Jul 9, 2012

Structure Complicated Plots

I posted about epic fantasy and its need for multiple plot lines, you can find tips on Creating Multiple Plot Lines here. It's one thing to come up with lots of ideas for multiple plots, but this can become confusing when you try to outline or compose your epic fantasy novel. Here's some different ways to keep track of and add structure to complicated plots:

Create a time-line for the events of the story, beginning just before the inciting incident and ending just after the final climax. Now using the same time frame for each main character, plot out their story events on that time line. Next you will compare each character's events. You want everyone's story to come together or peak at the same major climax point, but the events that confront them on their individual journeys could happen at differing times. This way, you don't get too much overlap or repetition and keep a constant pace with tension rising right up to the big climax.

Index cards
Many authors use index cards to plot out their novels. Write a short synopsis of every scene on the cards, labeling each card to identify which main character it relates to (some will relate to multiple characters when their paths cross). Then lay the story lines out in order, in rows of character plots. This way you can coordinate when they should cross, move scenes around to suit and identify unnecessary or repeated scenes.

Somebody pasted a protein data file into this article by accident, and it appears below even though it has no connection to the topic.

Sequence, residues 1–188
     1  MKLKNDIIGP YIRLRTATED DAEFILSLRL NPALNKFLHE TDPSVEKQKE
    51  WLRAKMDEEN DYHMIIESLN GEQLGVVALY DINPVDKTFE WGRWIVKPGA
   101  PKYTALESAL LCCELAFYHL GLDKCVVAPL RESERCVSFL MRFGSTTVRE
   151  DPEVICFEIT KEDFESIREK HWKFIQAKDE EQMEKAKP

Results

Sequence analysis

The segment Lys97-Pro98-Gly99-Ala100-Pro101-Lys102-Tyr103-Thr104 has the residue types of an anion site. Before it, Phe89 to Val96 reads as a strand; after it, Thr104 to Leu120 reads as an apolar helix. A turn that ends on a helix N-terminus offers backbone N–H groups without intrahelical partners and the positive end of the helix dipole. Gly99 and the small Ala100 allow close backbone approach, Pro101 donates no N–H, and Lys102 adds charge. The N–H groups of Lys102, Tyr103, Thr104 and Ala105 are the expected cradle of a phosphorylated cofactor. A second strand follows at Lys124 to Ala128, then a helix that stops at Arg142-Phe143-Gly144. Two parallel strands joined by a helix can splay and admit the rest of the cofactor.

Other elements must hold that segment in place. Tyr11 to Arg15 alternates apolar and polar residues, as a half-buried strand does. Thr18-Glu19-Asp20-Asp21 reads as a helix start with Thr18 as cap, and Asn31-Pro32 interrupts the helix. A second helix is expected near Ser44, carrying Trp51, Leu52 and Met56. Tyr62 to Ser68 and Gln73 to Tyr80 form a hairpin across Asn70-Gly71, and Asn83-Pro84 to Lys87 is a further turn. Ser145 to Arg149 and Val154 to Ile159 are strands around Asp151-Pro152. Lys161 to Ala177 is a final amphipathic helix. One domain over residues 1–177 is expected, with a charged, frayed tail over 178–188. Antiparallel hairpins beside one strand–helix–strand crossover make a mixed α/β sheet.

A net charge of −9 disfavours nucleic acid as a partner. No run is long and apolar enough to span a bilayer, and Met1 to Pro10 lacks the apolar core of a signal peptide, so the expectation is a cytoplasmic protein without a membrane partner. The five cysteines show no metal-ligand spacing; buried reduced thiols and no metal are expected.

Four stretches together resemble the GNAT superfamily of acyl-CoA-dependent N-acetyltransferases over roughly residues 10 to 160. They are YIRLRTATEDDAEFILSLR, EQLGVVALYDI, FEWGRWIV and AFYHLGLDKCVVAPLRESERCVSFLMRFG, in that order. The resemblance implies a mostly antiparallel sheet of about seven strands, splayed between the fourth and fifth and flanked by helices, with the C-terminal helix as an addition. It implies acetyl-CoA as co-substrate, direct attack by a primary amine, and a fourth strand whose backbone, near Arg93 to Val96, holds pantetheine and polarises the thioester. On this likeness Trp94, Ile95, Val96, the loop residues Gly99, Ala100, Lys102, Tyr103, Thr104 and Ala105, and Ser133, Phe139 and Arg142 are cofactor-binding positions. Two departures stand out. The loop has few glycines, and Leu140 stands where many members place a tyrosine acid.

Colour coding
A very simple idea, but whichever structure style you prefer, assign different colours to the main characters, it will make it easier and quicker to identify each plot line.

Story arcs
You'll probably already know about story arcs, this is the path your character takes and the changes to your character throughout the story. Almost always, a character should grow and learn through their experience. You can chart a character's story arc similar to the time line, the overall arch will be your leading protagonist, but they may have other characters they meet along the way, and those characters will have their own arcs. Some might stay to the end of the story and others might come and go (or just go, if they die). By using a different colour for each character, your story arcs might look something like this (apologies, I found a great example online, and then couldn't find it again when I was ready to do this blog):

Mix up the structures
Some of your characters may be on a hero's quest, or some might be experiencing growing tension until the climax, other characters might follow the classic three act structure. You can mix it up, and probably keeping track of their comings and going in the time-line will be enough.